verb (used with object), burked, burk·ing.
Origin of burke
Definition for burke (2 of 3)
Definition for burke (3 of 3)
Examples from the Web for burke
Robert Kennedy and his Assistant Attorney General Burke Marshall brought new energy to the Civil Rights Division.Honoring The Late John Doar, A Nearly Forgotten Hero Of The Civil Rights Era|Gary May|November 15, 2014|DAILY BEAST
No friend of liberty can avoid the tumble back and forth between Burke and Paine.
An earlier Marquette Law School poll showed a tighter race, but with Burke again easily beating Walker by 18 points among women.
It is a place certainly worth visiting, and with Burke as host, one that is difficult to leave.
Burke insists that he is not nostalgic and he is not delusional.
Burke came to London with a cultivated curiosity, and p. 144in no spirit of desperate determination to make his fortune.Obiter Dicta|Augustine Birrell
Seems that one day towards the close of last century Burke flung dagger on floor of House by way of peroration.
In 1787 he was associated with Burke in the impeachment of Hastings, against whom he showed extraordinary vindictiveness.A Short Biographical Dictionary of English Literature|John W. Cousin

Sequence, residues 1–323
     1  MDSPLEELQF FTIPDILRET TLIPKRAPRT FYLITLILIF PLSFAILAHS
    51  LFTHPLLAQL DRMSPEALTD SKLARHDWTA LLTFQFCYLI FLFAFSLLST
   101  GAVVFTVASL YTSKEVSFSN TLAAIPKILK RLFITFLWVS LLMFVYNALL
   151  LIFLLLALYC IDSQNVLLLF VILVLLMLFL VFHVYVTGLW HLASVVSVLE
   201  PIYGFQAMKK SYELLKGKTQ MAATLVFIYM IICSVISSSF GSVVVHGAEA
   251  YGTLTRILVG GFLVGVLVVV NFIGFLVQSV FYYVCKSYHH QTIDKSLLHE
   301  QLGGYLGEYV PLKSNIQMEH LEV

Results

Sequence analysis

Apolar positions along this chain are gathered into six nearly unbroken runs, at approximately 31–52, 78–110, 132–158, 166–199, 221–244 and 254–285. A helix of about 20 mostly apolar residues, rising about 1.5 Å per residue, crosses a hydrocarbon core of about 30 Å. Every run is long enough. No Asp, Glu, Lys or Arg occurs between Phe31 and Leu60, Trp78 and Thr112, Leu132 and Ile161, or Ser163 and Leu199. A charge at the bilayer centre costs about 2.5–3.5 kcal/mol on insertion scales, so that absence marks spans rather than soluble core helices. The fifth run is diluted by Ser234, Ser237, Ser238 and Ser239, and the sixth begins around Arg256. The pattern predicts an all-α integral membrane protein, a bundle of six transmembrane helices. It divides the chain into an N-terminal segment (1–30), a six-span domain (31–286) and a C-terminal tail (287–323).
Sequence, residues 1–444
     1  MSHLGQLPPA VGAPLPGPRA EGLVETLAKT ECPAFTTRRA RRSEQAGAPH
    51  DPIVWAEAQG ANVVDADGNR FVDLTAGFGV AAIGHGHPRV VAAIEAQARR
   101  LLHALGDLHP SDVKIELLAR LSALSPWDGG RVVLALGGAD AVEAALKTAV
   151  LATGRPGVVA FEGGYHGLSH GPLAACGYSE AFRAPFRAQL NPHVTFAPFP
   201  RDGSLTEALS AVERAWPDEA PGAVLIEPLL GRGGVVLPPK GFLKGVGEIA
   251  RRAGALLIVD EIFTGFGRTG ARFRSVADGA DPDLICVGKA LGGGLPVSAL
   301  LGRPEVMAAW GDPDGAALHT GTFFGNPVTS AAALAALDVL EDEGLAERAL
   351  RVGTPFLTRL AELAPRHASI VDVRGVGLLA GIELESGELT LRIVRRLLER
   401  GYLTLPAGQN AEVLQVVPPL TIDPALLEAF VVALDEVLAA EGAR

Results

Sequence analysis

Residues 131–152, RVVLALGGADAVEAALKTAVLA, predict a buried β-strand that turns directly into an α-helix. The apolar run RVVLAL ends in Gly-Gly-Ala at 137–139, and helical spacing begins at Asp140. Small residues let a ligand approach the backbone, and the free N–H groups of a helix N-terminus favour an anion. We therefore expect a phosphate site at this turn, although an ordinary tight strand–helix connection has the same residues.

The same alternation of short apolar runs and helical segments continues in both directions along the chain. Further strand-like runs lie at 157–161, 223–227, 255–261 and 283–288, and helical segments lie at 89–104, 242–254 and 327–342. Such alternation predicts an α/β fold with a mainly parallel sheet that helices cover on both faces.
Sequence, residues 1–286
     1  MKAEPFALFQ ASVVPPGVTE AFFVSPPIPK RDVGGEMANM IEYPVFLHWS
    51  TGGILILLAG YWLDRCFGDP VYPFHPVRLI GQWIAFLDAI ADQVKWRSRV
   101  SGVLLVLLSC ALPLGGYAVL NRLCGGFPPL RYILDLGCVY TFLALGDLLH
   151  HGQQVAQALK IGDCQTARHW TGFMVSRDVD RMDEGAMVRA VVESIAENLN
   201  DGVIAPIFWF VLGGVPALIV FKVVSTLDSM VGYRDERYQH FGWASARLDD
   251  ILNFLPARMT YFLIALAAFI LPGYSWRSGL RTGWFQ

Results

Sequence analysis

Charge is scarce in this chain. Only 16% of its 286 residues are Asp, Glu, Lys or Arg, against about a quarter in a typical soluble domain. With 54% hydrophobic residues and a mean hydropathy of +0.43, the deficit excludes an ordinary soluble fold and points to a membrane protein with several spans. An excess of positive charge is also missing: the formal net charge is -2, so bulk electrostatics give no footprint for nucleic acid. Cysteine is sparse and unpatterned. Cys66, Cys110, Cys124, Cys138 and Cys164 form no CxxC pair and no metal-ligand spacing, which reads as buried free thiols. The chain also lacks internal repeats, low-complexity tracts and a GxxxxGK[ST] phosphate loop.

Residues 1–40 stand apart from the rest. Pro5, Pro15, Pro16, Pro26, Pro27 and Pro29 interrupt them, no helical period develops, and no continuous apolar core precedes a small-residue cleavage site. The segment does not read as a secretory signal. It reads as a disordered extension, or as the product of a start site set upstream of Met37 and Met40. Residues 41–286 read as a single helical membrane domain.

The immediate form which the patronage of Burke and that, soon added, of Thurlow took, is one which rather shocks the present day.Essays in English Literature, 1780-1860|George Saintsbury
The unexpected news of Mr. Burke's expedition of discovery, which we publish this morning, is positively disastrous.Successful Exploration Through the Interior of Australia|William John Wills
British Dictionary definitions for burke (1 of 3)
Word Origin for burke
British Dictionary definitions for burke (2 of 3)
British Dictionary definitions for burke (3 of 3)
Word Origin and History for burke
family name (first recorded 1066), from Anglo-Norman pronunciation of Old English burgh. Not common in England itself, but it took root in Ireland, where William de Burgo went in 1171 with Henry II and later became Earl of Ulster. As shorthand for a royalty reference book, it represents "A General and Heraldic Dictionary of the Peerage and Baronetage of the United Kingdom," first issued 1826, compiled by John Burke (1787-1848). As a verb meaning "murder by smothering," it is abstracted from William Burk, executed in Edinburgh 1829 for murdering several persons to sell their bodies for dissection.